The good news is, she usually goes from 7pm to 4am with only one wake up that we need to go to her bedside for (that one wake up takes 2 minutes for my wife and an hour for me, though). The bad news is, 4am is when she wakes up for the day now… We’ve let her have an earlier nap to compensate, but that just messes with her afternoon energy levels. Can’t wait for her to settle into the new normal without night (and morning) nursing and hopefully find a good rhythm we can all be happy with.

Reflections on Night Weaning (at it again…)

*Photo from Pixabay.com

Night weaning is hard, even when it’s easy. Avery’s only nursing twice a day now, to sleep at nap and bedtime. It’s a big change from nursing all night long, snuggled beside me. We’re doing this to give her a gentle nudge toward sleep independence, but it’s just as much about me breaking my dependency on nursing away her every tear, every cough, every nightly stir. That has been such a wondrous gift, and although I’m theoretically ready to make the separation, my heart never will be.

I miss her as I lay in my bed and listen to her snore through the monitor. I feel jilted that I can’t lay with her all night anymore (part of our night weaning plan). I feel anxious waiting for her next wake up, wondering how difficult it’ll be to get her back to sleep, how many tears she’ll shed, how long the protest will last.

We have officially been one week without night nursing. I’m going to give it another couple of weeks before claiming that the transition period is over, but so far Avery’s doing a really good job learning to get back to sleep without nursing. Last time what broke us was her 3-5am insomnia, and her being sick. Both of those things are happening again, but we’re powering through this time. With every month older she gets, she can also understand better what’s expected of her at night, and that makes me feel better about it.

With the huge decrease in nursing comes a change in hormones. I’m getting some signs that I might be ovulating for the first time in almost 2 and a half years. Yes, you read that right – I haven’t had my period since we conceived Avery. It has been a wonderful, crampless, dry, and clean part of my life. I’m not eager for it to return.

One final reflection on night weaning: choosing to night wean was a decision I made for my marriage over my child. That alone has a lot of complex emotions associated with it. And while my wife is purely excited, I have to keep reminding myself that my marriage deserves to get priority over the child this once. It will all trickle down to benefit Avery in the long run. If my wife and I are a satisfied, happily married team, Avery will have a good relationship role model to look up to in her parents.

30 Days of Blogging, Day 24

It has been what, maybe a week since I started down the slow weaning road again? She’s already showing signs of self-weaning all the way. We cut out all nursing sessions during the day except for nursing to sleep for nap and bedtime, and we still allow nursing through the night. She has started to come off the boob at bedtime and roll over to be spooned the rest of the way to sleep. She has only been waking once or twice a night for milk. It’s amazing what cutting back on nursing does to her sleep….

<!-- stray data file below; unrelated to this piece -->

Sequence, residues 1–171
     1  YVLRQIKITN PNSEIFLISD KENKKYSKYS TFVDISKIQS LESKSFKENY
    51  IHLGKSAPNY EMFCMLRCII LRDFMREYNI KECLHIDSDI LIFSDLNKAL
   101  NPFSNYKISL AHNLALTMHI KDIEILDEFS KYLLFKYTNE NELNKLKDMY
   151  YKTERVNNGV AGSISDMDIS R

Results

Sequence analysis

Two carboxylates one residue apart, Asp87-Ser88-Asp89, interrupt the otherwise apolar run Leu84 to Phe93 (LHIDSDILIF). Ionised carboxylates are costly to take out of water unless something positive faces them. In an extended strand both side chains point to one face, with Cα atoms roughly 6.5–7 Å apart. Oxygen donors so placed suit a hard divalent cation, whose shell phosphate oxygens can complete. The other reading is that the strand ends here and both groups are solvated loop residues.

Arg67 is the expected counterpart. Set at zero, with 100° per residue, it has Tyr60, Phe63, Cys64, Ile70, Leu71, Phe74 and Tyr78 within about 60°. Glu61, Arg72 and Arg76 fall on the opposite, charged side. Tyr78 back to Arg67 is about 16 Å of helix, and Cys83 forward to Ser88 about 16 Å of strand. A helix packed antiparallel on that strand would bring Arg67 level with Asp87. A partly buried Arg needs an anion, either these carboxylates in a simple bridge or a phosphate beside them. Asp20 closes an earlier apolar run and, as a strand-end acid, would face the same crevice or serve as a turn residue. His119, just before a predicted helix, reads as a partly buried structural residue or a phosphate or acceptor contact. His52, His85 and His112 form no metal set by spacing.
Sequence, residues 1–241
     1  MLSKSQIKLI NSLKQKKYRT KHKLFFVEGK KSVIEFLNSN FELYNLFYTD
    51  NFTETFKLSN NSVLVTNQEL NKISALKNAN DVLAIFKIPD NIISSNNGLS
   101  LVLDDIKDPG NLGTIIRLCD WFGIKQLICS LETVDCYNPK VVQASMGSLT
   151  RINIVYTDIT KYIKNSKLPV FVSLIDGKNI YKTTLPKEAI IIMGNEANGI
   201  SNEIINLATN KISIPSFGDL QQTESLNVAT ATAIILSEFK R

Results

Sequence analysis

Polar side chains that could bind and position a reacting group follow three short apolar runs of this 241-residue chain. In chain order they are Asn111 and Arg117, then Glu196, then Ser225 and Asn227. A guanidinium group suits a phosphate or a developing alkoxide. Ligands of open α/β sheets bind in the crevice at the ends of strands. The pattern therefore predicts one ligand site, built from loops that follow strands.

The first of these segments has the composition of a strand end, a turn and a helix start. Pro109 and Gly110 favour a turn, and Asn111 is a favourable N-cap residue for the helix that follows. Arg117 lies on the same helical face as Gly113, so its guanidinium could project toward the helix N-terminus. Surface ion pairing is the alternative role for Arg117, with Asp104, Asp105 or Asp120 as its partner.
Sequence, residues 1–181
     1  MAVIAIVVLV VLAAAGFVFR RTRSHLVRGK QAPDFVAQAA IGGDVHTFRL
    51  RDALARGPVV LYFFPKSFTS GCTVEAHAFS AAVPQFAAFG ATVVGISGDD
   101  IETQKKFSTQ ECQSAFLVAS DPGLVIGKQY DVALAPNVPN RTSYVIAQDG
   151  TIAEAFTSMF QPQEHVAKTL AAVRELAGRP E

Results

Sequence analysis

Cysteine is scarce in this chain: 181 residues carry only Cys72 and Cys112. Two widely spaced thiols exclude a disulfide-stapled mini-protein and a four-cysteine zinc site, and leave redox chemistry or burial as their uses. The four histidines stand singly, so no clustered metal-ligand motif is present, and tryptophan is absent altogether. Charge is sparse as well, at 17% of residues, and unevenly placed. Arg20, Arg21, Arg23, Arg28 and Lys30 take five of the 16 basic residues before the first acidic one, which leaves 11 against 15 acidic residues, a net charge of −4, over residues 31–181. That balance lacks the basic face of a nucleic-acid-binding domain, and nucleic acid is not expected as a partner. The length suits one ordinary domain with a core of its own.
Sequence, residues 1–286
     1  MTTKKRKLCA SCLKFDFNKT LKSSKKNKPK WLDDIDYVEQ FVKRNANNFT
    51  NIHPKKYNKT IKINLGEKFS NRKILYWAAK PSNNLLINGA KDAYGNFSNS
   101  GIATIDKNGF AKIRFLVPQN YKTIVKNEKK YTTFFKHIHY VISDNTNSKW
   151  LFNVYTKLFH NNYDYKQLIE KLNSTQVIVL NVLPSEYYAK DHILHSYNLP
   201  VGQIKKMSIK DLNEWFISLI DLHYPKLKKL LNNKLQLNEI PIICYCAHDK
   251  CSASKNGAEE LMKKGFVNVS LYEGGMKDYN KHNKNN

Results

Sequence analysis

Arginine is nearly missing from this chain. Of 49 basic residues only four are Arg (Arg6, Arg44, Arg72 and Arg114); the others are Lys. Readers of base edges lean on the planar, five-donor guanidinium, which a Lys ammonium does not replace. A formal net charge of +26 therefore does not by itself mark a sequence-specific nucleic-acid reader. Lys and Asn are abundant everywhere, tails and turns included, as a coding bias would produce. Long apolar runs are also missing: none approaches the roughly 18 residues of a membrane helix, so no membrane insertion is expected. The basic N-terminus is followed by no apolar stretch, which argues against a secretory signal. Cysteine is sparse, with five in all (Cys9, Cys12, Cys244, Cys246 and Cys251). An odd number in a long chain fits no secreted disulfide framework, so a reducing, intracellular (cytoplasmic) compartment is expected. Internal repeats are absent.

The downside is that she only had a bit of milk from one side at bedtime today, and she didn’t have any at nap, so one side is full of hard lumps. We’re staying with family this weekend and I don’t have a pump to help me out, and I’m garbage at hand expressing. So I find myself actually hoping that she’ll wake up soon for a nighttime feed…

30 Days of Blogging, Day 18

Weaning from breastfeeding. I don’t think I’ve ever been so back and forth on a life decision as I have been with the decision of when and how to wean my daughter from breastfeeding. My blog reflects that with a mix of posts about weaning attempts and posts about how hardcore committed I am to breastfeeding.

Some days I feel like I’m ready to throw in the towel. Like I’m being tapped of my energy and life essence, or I’m touched out, or I just want to be able to have that second big glass of wine after a hard day. I look at my big, healthy toddler and I think, it’s just for me that we’re still nursing. She doesn’t need this anymore.

But then on other days I’m extremely defensive about any suggestion that we stop. I want to fight back against the stigma about toddlers breastfeeding. I shout from the rooftops that the WHO recommends breastfeeding until age 2. I want to remind everyone that breasts were made to feed children. I love how easy it is for me to soothe my cranky toddler, how easy it is for me to get her to sleep (a thousand times a night……), and how reassured I feel when she’s sick and she’s staying super hydrated because she loves nursing so much.

But today I’m flopping to the side of being ready to wean. My nipples have bloody little cuts on them from sharp fingernails and teeth. My wife can no longer sooth her through the night since we gave up night weaning. Last night she was attached to me for hours in the middle of the night and I felt a really uncomfortable surge of anxiety rushing through me. It was like restless leg syndrome in my whole body. I wanted my body back.

So once again, I’m launching a plan to wean. I’m actually considering trying to be completely done by the time she’s 18 months, which is just over one month away. The last nursing sessions to go will be nursing to sleep at nap and bedtime.

Don’t hold me to this timeline, because we all know I’m a flip flopper. But this is my current goal.

30 Days of Blogging, Day 9

It’s cold again. It’s supposed to go down to  -20°C again tonight, and it’s icy and snowy outside. It’s the kind of weather for family cuddles. The kind of weather where I miss bed sharing with my baby. 

And when your baby has another nasty cough and cold and has to choose whether to breathe through her mouth and trigger more coughing, or breathe through her nose and not get enough air to her lungs, it’s really, really hard to withhold nighttime nursing. Nursing is the throat soothing cure-all that helps her sleep through anything. 

So about that night weaning we started… the night weaning has gone out the window during my shift. While my wife is on call for nighttime wakings (from bedtime till 1am), Avery goes back to sleep with nothing more than my wife poking her head through the doorway and saying “go back to sleep.” During my shift, I’ve started nursing her again. It’s how she sleeps well through being sick. It’s the only way to get her back to sleep during her bouts of middle-of-the-night insomnia (even during my wife’s shift). 

So weaning is a discussion topic for another day (or month, or year….).

On a related note, Avery LOVES peppermint tea. It’s just a dried mint leaf from our garden steeped in hot water. And when she’s sick, a little dollop of honey is a great throat soother.